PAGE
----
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What defines a science oriented topic versus philosophy?

  1. Oct 15, 2016 #1
    Not sure where to complain...
    but what makes this topic okay on this site
    https://www.physicsforums.com/threads/is-classical-mechanics-philosophically-sound.869216/

    while mine not?
    https://www.physicsforums.com/threa...en-we-say-something-exists-in-physics.889325/


    I am asking if when we say something exist in physics, we mean we can measure it. How is it not physics but philosophy?? I think it is a quite scientific topic...

    btw, why the "philosophy of science" tag then?
     
    Last edited: Oct 15, 2016
  2. jcsd
  3. Oct 15, 2016 #2

    strangerep

    User Avatar
    Science Advisor

    I think you have a valid point.

    Possibly, if you had asked your question in the Quantum forum instead of General Physics, and omitted your last line apologizing for philosophy, it might have received different treatment. There is a large grey area between philosophy and "QM interpretation" (which is why I'm tending to prefer shut-up-and-calculate more and more).
     
  4. Oct 15, 2016 #3

    Dale

    Staff: Mentor

    @strangerep is pretty spot on with his comment.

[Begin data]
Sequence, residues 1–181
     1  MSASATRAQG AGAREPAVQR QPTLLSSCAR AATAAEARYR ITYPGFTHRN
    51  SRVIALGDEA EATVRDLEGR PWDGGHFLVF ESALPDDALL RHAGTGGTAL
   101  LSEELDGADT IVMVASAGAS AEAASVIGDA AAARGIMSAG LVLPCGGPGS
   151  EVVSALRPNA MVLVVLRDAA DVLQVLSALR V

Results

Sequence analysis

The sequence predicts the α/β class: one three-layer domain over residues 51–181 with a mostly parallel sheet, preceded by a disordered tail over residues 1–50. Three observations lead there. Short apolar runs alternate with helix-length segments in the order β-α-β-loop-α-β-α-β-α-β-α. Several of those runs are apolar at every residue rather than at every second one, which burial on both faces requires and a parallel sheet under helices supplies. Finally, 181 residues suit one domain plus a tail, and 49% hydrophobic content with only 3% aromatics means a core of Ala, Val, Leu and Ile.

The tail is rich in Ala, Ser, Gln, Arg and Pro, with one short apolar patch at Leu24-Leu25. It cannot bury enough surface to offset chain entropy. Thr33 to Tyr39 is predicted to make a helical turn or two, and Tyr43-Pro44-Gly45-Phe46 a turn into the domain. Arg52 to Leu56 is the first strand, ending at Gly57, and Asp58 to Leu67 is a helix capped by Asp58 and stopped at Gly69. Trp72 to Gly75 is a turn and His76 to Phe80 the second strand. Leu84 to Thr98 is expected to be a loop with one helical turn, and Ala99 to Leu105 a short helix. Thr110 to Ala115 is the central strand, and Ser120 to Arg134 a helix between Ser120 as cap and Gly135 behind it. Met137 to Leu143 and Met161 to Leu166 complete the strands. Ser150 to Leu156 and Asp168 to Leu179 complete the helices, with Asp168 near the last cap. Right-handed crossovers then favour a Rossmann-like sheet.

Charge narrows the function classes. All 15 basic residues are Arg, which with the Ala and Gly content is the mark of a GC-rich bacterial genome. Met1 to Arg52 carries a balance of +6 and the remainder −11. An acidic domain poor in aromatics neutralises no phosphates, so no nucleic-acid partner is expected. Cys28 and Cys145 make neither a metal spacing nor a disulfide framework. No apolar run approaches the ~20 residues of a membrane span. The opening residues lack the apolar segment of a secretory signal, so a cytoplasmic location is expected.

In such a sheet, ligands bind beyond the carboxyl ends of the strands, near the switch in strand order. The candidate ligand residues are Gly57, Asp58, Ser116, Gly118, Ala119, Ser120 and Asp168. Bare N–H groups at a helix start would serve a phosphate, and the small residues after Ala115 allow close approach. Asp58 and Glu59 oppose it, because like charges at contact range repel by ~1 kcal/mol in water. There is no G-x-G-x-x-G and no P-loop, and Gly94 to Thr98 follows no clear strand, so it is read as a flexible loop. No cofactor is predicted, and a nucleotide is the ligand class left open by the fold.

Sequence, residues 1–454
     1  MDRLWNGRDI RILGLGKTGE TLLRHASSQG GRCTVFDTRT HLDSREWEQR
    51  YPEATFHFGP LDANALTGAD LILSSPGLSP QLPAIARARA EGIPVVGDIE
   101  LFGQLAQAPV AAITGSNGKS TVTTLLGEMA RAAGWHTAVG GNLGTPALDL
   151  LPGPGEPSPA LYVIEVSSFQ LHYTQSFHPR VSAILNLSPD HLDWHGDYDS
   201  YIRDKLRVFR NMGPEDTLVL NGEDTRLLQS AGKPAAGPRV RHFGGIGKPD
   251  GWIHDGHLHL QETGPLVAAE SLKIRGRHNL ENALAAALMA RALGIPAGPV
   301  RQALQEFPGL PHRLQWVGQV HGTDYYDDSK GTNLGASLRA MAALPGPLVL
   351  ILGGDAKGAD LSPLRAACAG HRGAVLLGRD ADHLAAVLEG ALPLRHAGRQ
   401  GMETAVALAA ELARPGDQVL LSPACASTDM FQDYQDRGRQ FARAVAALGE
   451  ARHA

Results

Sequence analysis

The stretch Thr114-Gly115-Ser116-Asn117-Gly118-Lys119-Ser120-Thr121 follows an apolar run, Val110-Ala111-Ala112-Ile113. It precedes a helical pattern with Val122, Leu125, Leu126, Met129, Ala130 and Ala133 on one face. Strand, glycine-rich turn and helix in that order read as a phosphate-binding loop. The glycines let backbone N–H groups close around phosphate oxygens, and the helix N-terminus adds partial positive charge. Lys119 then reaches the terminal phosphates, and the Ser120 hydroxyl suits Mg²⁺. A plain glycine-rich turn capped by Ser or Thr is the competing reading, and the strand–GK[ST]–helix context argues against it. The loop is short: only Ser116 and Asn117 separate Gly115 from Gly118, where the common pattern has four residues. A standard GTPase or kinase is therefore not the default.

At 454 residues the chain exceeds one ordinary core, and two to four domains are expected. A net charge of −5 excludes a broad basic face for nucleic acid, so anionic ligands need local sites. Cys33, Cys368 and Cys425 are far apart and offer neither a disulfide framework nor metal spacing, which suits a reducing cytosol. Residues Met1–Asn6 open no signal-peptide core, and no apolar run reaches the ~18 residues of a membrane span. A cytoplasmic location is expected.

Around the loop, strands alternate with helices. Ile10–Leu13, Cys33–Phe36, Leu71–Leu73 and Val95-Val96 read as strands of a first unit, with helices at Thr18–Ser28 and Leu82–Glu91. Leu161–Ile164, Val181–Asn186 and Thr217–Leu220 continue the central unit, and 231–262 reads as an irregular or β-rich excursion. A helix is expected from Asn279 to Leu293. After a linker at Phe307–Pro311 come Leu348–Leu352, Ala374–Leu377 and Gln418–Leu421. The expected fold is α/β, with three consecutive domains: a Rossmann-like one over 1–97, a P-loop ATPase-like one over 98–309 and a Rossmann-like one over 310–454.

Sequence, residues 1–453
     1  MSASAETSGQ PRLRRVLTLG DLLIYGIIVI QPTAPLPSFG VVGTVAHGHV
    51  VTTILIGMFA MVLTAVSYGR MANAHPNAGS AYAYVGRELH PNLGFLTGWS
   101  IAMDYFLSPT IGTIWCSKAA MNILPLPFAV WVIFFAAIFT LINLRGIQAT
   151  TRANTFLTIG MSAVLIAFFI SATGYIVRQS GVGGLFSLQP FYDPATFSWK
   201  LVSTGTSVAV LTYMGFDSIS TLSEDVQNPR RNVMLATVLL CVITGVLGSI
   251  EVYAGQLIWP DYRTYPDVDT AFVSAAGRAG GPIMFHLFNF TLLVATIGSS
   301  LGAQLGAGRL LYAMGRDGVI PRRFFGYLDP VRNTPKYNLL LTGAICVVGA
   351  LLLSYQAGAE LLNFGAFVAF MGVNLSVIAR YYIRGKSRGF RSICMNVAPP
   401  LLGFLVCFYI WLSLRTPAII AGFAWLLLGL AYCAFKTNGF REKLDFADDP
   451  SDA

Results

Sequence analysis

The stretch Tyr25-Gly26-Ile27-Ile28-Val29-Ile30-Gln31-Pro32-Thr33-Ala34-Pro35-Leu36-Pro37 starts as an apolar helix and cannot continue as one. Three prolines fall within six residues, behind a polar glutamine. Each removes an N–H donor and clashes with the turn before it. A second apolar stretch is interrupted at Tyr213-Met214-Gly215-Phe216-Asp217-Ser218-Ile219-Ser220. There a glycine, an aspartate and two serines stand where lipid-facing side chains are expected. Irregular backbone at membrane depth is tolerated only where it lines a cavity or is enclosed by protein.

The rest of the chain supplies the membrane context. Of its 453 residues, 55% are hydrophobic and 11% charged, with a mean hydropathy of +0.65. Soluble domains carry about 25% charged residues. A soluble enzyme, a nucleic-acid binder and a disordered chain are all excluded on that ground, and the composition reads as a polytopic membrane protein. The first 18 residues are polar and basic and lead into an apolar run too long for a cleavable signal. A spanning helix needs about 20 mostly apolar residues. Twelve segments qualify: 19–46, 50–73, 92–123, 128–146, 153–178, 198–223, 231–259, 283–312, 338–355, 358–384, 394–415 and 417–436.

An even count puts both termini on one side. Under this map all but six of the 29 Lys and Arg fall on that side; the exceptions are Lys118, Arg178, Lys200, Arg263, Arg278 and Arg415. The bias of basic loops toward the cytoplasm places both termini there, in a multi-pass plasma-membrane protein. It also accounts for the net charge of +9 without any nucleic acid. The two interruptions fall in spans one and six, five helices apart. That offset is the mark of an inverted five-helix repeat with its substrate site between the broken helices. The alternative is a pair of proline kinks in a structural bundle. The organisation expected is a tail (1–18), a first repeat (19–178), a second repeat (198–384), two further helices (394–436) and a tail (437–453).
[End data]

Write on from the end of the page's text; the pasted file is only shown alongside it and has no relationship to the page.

Philosophical topics are generally discouraged on PF, and are viewed negatively by a sizeable portion of our membership. Many people post on PF precisely because they dislike the philosophy discussions that are rampant on other sites.

    The primary exception is the QM forum. It is recognized that interpretational issues are part of the modern professional scientific discourse in QM in a way that they are not in other disciplines. Even so, they are rather tightly constrained and closed as soon as they become problematic.

    You are actively discouraged from discussing this topic here, but if you are to discuss it at all then it needs to be in the context of QM, posted in the QM forum, and consistent with the QM literature on the topic.
     
  5. Oct 16, 2016 #4
    Okay, I understand your difficulties. I will ask better questions on Quantum physics thread next time.
     
  6. Oct 16, 2016 #5

    fresh_42

    Staff: Mentor

    Only an appendix.

    Your primary question has been about the existence of something. E.g. the physical existence of virtual particles is frequently discussed here, in the sense, that members on PF do the Sisyphus work to correct this pop science view.

    Existence, however, in its general meaning has been discussed by philosophers for at least 3,000 years and it brought us nowhere.
    Nobody wants to read another 3,000 posts on this topic on a website dedicated to physics. It makes sense to leave this to the philosophers since say have a far better (historical) background to debate on this. Existence in its physical meaning is an observation of some measurement apparatus or at least a mathematical solution of an equation.
     
  7. Oct 18, 2016 #6
    For me, any relevant discussion in science must be related to a testable hypothesis. The debate about whether or not something "exists" would need a testable way to differentiate existing from not existing.

    Debating what the definition of "exist" should be is more philosophical. Debating how to conduct an experiment testing for existence using a given definition is scientific.
     
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